Not knowing what you are doing can be dangerous. I’ve been doing collections work since I became license and it’s so easy to take $2,000 to do an Installment Agreement (IA), or even an Offer in Compromise (OIC). However, that isn’t why we are being hired.
The first time that you ever talk to a Revenue Agent (RA) or Revenue Officer (RO), you are asked if you understand your client’s rights. They will then go on to ask if you have explained those rights to your client. That would have been helpful to this client that contacted me, if her previous preparers had done what they’re supposed to do.
About three years ago, I received a phone call from a potential client that was referred by someone. She had been through two tax resolution firms before she came to me. They had basically taken her money and put her in IA’s that she couldn’t afford. The client would default on their IA and eventually the IRS put a lien on her for $500,000. While investigating the case, I called the RO that was assigned to it.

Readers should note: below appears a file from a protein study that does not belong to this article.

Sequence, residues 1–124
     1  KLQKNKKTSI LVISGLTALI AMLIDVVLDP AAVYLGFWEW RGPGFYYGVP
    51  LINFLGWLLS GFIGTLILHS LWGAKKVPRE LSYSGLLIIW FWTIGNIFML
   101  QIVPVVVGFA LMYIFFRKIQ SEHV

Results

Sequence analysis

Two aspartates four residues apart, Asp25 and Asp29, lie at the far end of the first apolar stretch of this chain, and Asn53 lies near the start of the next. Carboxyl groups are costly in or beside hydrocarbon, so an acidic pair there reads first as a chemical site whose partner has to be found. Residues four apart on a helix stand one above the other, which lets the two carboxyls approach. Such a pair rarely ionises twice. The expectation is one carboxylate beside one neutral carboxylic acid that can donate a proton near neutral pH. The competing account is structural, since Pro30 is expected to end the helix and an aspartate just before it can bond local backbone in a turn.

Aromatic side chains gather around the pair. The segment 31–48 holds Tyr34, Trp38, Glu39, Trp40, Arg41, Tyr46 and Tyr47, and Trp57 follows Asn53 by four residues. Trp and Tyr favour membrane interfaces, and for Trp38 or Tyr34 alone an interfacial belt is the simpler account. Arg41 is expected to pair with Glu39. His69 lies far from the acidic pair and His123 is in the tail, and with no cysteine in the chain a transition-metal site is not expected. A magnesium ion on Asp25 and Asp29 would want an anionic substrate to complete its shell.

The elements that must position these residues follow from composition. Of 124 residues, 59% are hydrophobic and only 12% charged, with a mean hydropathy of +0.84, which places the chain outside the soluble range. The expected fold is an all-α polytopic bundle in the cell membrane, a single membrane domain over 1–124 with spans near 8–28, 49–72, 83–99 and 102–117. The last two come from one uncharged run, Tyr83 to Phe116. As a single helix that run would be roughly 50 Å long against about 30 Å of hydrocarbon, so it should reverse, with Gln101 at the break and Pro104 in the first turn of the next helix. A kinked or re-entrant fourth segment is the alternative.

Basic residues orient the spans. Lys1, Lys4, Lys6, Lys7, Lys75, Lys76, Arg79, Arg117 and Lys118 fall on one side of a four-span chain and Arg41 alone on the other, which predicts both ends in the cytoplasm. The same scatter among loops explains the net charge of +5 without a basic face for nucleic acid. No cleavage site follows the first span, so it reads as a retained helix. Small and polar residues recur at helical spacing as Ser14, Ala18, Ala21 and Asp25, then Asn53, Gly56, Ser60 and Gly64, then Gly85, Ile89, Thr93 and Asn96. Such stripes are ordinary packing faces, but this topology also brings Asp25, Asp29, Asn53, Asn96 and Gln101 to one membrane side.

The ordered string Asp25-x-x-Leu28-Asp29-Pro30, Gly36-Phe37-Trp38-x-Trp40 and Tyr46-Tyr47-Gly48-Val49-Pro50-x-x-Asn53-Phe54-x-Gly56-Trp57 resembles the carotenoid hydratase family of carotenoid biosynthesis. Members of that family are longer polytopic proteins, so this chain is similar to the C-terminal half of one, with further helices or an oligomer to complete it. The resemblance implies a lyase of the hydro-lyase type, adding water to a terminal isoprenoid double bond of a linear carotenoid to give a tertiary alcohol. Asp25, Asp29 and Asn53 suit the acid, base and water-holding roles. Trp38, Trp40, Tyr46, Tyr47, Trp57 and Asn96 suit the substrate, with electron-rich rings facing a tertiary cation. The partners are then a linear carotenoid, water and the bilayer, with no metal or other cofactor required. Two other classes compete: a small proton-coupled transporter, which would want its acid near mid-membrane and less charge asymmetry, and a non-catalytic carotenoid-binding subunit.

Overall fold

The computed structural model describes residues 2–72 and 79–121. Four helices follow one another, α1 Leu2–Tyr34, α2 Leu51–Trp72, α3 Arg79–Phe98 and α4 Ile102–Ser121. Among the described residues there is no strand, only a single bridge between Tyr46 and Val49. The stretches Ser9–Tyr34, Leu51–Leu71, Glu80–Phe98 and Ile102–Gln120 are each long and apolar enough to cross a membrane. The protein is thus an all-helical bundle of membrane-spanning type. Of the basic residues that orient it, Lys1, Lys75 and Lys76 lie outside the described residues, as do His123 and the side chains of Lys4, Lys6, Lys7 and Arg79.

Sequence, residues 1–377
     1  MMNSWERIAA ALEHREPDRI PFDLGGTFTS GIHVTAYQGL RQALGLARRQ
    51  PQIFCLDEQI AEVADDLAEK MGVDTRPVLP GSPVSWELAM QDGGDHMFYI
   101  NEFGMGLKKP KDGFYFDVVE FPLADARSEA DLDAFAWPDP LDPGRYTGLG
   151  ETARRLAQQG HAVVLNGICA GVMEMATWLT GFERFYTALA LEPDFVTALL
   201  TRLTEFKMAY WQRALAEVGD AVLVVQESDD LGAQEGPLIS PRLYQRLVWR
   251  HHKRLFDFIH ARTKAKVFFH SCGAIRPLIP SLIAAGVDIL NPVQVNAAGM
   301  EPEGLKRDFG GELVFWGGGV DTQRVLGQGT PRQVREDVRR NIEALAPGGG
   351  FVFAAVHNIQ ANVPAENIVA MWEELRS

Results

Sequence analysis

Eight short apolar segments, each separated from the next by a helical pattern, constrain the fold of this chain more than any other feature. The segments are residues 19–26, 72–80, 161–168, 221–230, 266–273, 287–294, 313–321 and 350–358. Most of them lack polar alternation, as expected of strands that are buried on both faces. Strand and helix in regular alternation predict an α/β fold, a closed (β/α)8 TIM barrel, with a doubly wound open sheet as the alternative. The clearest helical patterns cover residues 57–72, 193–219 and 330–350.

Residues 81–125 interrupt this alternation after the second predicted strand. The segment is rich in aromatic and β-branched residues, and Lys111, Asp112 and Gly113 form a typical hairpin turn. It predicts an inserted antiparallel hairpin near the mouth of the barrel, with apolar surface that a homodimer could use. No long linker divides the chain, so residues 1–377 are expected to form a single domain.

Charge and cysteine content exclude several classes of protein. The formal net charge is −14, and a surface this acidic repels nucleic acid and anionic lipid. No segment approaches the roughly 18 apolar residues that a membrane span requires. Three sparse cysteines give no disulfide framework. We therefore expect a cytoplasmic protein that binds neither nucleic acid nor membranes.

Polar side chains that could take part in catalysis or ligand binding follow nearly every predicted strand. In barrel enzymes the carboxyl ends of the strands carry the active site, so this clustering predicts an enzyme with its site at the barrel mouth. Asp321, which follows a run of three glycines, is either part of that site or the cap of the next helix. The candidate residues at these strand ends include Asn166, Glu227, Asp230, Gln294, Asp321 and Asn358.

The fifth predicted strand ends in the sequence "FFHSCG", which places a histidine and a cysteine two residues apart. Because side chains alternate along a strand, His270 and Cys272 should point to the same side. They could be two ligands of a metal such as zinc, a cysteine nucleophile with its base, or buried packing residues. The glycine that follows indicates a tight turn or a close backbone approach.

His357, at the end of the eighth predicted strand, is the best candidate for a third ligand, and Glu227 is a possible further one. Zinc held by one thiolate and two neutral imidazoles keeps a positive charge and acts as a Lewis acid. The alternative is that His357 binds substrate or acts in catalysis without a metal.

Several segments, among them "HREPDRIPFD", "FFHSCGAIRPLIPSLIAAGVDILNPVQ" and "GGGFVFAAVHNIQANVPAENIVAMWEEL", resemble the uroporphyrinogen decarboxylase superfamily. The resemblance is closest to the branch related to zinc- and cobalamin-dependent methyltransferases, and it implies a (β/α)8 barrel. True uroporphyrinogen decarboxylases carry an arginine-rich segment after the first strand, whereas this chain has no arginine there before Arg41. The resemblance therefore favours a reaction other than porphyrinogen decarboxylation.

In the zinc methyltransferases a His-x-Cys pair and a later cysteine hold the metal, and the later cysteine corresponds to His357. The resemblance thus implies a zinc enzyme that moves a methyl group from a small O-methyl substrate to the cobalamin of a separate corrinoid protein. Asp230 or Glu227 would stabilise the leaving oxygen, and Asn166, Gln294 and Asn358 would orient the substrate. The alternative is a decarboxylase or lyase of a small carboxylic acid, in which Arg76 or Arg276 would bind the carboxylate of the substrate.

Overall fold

The first question that I asked was why my client owed the money? They told me that it was the result of an audit. If you have worked collections for as long as I have, you know to do two things: You get paid up front, and you do your own investigation, because the client will ALWAYS fail to tell you things.
I asked the RO for the number of the RA that performed the audit so I could get the audit report and their notes. Then, I proceeded to call the RA and surprisingly enough, they sent me the taxpayer’s entire file, without me having to do a Freedom of Information Act (FOIA) request.
I then called my client and asked for a copy of the three years of tax returns that had been audited. Further, I got information about who prepared the returns and who represented my client at the audit.